Chronic kidney disease is a serious medical condition. With proper diet, planning and treatments, however, it can be managed effectively. Still, it’s normal to have questions about CKD, since you would want to know the ins and outs of the diagnosis.
The following are some of the most common questions that patients ask their doctors about CKD.
What is chronic kidney disease?
Chronic kidney disease (CKD) is a progressive medical disorder in which the kidneys lose the ability to function properly. The condition typically comes on in five stages, and the advancement of stages varies between patients.
As the patient’s condition worsens, the ability of the kidneys to filter waste from the blood is lessened. In its final stage, known as end stage renal disease (ESRD), the patient requires dialysis or a kidney transplant in order to live.
What are the causes of CKD?
Most (about 2/3) of the cases of CKD in the U.S. are caused by two primary factors. The first is diabetes – as high blood sugar levels can be damaging to the kidneys over time. High blood pressure is the second, and when not treated, it can cause damage to your blood vessels…including those in the kidneys.
What are the symptoms of CKD?
Many chronic kidney disease suffers don’t have symptoms in the earlier stages. It can be a “silent” disorder until profound kidney damage has occurred.
Signs you may be suffering from CKD include high blood pressure, severe fatigue, loss of appetite, muscle cramps during rest, changes in amount of urine, sleep problems, swelling in the feet and ankles, and trouble concentrating.
How is CKD diagnosed?
Your doctor will begin by doing a personal and family health assessment. Your doctor will take note of your symptoms, and may ask if you suffer from high blood pressure. A physical exam is also performed, checking for signs of blood vessel issues.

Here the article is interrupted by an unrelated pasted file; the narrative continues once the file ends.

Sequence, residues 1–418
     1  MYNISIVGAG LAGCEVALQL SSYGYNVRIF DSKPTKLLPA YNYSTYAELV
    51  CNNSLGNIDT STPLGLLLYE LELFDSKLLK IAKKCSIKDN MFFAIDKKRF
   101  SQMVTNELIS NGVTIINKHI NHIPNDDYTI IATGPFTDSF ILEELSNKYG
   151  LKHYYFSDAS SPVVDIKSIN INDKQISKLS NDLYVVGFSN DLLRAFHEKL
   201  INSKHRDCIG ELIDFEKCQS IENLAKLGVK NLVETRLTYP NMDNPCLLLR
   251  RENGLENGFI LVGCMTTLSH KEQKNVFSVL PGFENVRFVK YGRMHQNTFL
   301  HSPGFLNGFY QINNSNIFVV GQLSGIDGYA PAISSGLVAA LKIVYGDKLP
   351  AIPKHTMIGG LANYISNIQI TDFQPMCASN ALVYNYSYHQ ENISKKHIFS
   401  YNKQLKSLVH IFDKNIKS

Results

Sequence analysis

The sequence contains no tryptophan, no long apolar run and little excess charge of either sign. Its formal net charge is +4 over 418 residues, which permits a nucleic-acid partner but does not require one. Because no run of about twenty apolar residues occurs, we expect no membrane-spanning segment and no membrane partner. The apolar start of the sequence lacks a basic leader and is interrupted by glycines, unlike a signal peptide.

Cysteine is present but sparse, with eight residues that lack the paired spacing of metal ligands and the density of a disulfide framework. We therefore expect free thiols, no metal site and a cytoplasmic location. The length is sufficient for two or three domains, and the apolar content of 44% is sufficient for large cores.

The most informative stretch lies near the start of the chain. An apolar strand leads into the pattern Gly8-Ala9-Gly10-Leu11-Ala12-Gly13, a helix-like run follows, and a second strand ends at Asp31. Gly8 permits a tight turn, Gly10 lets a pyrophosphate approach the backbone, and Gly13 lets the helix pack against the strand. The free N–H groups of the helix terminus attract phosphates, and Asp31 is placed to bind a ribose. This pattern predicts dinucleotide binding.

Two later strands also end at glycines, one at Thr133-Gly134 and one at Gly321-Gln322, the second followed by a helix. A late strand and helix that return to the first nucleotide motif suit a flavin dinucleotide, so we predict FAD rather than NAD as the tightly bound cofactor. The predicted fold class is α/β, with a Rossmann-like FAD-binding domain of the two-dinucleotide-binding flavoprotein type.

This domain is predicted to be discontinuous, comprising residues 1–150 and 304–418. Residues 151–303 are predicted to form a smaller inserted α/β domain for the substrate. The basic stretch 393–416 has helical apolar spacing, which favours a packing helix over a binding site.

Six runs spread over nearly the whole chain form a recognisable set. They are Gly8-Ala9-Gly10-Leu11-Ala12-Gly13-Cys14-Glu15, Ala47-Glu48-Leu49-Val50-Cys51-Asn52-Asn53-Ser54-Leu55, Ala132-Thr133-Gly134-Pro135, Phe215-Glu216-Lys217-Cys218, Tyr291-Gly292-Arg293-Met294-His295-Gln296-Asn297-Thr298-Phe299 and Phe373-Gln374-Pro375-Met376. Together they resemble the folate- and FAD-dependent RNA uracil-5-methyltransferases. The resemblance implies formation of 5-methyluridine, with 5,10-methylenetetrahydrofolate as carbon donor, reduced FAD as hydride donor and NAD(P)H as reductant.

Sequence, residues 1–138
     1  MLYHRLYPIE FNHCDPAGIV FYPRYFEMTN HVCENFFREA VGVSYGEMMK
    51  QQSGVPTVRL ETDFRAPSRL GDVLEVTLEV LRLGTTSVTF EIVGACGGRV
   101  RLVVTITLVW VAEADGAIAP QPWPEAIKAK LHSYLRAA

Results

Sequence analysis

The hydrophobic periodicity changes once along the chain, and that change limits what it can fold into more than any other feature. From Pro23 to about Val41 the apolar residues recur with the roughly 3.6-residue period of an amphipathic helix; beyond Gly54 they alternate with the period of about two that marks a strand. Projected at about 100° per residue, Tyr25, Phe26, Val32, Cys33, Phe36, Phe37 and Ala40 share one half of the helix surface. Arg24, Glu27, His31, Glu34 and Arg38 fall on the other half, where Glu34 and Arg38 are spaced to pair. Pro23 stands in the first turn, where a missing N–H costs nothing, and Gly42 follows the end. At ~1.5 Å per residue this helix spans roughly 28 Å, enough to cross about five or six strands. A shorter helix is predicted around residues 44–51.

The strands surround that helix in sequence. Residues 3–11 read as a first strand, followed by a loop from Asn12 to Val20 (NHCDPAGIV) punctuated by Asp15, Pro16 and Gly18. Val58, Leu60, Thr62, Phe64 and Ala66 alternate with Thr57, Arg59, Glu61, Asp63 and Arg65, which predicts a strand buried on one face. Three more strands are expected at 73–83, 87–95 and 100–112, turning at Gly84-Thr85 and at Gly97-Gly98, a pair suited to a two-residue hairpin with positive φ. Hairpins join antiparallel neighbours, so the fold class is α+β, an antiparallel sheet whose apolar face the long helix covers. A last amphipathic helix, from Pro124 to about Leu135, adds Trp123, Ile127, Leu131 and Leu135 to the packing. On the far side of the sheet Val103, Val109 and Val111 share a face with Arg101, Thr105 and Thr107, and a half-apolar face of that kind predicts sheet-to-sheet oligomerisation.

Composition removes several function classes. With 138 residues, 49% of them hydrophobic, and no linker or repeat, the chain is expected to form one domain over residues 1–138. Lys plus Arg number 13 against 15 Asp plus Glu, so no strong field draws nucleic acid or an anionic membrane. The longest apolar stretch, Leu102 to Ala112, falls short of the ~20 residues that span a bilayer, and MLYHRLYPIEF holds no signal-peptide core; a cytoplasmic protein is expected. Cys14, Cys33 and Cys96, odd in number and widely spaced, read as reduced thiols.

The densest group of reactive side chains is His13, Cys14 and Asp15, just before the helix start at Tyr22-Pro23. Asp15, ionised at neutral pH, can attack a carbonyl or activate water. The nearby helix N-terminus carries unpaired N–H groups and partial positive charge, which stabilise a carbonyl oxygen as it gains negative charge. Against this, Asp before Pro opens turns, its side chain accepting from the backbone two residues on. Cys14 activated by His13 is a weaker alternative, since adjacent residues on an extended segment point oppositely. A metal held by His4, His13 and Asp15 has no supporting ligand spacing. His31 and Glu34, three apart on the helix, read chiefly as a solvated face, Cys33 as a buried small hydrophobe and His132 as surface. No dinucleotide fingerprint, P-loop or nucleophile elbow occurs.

To accurately diagnose chronic kidney disease, a series of tests may be given. These include a blood test to check the creatinine and urea levels in the blood, a urine test to check for abnormalities that may indicate CKD, and an ultrasound to check the kidneys’ size and structure.
Is there a cure for CKD?
While there is no cure for chronic kidney disease, there are treatments that can help you manage and treat the condition. The method of treatment prescribed to you by your doctor will depend on the underlying cause of the CKD.
You may be given medicine to reduce blood pressure, cholesterol, and swelling. It’s also common to be placed on a renal diet that is low in protein when you are suffering from CKD. Lower levels of protein allow your kidneys a break from working so hard to filter wastes.
What happens in the final stage of CKD?
If you progress to the last stage of the condition, known as end stage renal disease (ESRD), your kidneys have reached complete and permanent failure in working for your body. The result may require dialysis, which is the process of using a machine to remove wastes and fluids from the blood.
A kidney transplant may also be an option for some patients with ESRD. You will also need to take medication with a kidney transplant, to prevent your body from rejecting the organ.
Hopefully these common questions about chronic kidney disease shed some light on the condition for you. As always, consult with your doctor or read through the rest of our blog here if you need more information!
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